Churned and burned: the challenges facing young job seekers
Back in the mid-1980s, young people moving from school, college or university into the workplace took an average of one year to find full-time work. Today, the wait is closer to five years. During that time, young job seekers will churn their way through various roles, including plenty of casual and part-time work.
Right now, 30 per cent of young people are either looking for work or looking for more work.
Unemployment and the relatively newer phenomenon of under-employment aren't just economic issues for the people experiencing them: they can have detrimental effects on mental and physical wellbeing, too. Getting a secure job is a developmental milestone. Failing to get one can impact family and personal relationships and hinder what should be a growing sense of independence.
Jan Owen is the CEO of the Foundation for Young Australians (FYA) which recently published the third report in its The New Work Order series. Titled The New Work Mindset, it takes a deep look at the challenges for young people both now and in the future.
"There is a skills mismatch between what the current and future labour market needs and what qualifications young people have," says Owen. "That's along with the fact that there are simply just not enough jobs to go around."
Advances in technology have proven to be a mixed blessing for job seekers. As the FYA notes, technology has positive impacts: it enables greater work flexibility and lowers barriers to entrepreneurship and start-up culture. But it also throws up new stumbling blocks.
Automation has already replaced millions of transaction and production jobs and, as technological development continues to accelerate, looks poised to absorb even more complex roles. The FYA report says studies estimate that 60 per cent of students are currently being trained for jobs that will be radically affected by automation in the next 10 to 15 years. Globalisation will continue to see local jobs heading offshore while collaborative work environments will increase the so-called 'gigging economy', with workers pushed into moonlighting or taking on multiple casual and contract roles.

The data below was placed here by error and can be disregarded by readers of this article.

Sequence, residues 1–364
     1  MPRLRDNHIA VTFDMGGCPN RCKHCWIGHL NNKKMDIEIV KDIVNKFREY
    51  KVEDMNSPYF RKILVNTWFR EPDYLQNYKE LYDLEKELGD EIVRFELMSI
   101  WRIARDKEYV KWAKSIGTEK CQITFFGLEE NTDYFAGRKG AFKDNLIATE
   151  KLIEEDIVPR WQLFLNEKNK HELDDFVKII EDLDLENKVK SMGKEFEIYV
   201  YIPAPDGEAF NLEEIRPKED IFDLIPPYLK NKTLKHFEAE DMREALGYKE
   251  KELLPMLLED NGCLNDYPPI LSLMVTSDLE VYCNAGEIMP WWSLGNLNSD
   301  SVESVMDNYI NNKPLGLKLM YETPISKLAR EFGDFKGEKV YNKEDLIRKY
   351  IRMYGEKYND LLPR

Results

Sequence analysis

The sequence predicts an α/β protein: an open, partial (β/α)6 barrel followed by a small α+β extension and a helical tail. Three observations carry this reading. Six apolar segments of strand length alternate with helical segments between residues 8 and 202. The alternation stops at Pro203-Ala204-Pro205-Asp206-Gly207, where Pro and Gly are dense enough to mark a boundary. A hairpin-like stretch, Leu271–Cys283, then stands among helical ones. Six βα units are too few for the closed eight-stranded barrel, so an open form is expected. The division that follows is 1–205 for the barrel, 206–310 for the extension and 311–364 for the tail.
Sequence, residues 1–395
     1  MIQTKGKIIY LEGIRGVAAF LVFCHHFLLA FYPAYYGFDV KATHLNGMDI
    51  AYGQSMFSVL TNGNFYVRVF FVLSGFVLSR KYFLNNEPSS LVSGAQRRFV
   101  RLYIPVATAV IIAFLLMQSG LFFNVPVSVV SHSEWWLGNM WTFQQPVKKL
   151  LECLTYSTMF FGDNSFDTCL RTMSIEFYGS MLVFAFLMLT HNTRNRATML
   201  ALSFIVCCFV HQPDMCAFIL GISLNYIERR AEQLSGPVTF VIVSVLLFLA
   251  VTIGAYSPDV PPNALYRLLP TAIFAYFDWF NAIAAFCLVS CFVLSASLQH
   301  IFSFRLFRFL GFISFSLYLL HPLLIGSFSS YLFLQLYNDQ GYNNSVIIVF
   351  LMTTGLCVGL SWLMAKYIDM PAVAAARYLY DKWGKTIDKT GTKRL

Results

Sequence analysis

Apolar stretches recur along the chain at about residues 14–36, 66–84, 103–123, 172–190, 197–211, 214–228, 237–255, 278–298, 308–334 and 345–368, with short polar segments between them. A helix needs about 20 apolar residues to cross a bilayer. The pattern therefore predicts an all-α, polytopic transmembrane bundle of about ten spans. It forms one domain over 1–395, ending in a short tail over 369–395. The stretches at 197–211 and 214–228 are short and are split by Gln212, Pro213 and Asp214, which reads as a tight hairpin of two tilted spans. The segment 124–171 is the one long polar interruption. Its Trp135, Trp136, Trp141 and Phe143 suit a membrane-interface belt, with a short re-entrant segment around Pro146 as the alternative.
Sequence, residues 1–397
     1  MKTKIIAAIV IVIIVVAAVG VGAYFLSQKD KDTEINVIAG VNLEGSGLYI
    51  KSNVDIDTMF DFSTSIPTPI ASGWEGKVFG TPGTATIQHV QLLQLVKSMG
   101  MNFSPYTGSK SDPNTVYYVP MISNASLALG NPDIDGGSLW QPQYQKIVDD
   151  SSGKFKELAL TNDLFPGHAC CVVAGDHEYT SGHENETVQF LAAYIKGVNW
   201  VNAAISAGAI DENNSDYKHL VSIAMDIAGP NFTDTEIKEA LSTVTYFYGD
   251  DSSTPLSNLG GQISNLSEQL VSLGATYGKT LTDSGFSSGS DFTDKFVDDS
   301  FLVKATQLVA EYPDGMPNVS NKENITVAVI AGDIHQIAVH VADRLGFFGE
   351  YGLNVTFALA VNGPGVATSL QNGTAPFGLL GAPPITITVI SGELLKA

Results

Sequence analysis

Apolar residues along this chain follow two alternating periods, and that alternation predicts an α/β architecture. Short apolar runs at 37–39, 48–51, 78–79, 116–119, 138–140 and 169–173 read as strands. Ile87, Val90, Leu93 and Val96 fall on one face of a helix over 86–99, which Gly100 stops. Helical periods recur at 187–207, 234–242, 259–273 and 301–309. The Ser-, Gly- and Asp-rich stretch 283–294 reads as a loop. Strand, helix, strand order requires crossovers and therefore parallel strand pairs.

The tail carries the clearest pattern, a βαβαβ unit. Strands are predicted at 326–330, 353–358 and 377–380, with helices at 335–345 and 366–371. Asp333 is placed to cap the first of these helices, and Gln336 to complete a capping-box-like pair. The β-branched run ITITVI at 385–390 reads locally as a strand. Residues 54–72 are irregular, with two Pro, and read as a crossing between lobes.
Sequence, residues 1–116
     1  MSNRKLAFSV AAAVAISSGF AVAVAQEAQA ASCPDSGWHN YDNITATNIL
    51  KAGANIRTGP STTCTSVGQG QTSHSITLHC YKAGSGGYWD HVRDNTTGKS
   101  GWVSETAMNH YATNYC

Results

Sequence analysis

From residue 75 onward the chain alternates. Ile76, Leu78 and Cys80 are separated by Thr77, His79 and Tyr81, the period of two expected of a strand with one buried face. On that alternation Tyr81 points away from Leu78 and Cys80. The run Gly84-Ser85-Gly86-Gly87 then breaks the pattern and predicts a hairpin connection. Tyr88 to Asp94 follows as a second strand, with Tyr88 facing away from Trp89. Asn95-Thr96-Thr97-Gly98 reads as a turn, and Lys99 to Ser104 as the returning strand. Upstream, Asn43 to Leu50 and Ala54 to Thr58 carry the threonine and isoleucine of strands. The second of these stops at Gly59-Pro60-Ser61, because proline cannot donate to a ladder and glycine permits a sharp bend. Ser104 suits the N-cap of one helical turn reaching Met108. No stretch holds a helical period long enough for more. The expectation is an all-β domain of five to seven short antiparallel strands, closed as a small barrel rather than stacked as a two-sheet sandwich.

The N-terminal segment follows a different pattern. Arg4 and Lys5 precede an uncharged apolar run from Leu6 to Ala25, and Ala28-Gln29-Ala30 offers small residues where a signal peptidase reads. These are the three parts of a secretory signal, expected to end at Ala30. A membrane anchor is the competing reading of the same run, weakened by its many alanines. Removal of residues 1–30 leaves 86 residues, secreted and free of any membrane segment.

Job stability is linked to lowered levels of both depression and anxiety and contributes to greater autonomy and wellbeing. Strong social support networks are an essential element of overall wellbeing, and the workplace can be a key source of these social interactions
Unemployed people miss out on those connections and their health suffers as a result. Research from VicHealth and the CSIRO has found "a strong relationship between youth unemployment and low levels of mental health and wellbeing".
It might not be possible to overcome what FYA calls the 'New Work Order'. But it is possible to prepare young people better, building up their resilience and confidence in the face of the inevitable instability and uncertainty of their early working lives.
VicHealth is exploring practical ways to improve mental health outcomes for young job seekers. The project is using the power of 'gamification' to help expand the mindset of young people as they enter the workforce so they can approach their future with greater adaptability. Read more about the growing influence of gamification in the health sector in our story The new game plan for mental health and wellbeing.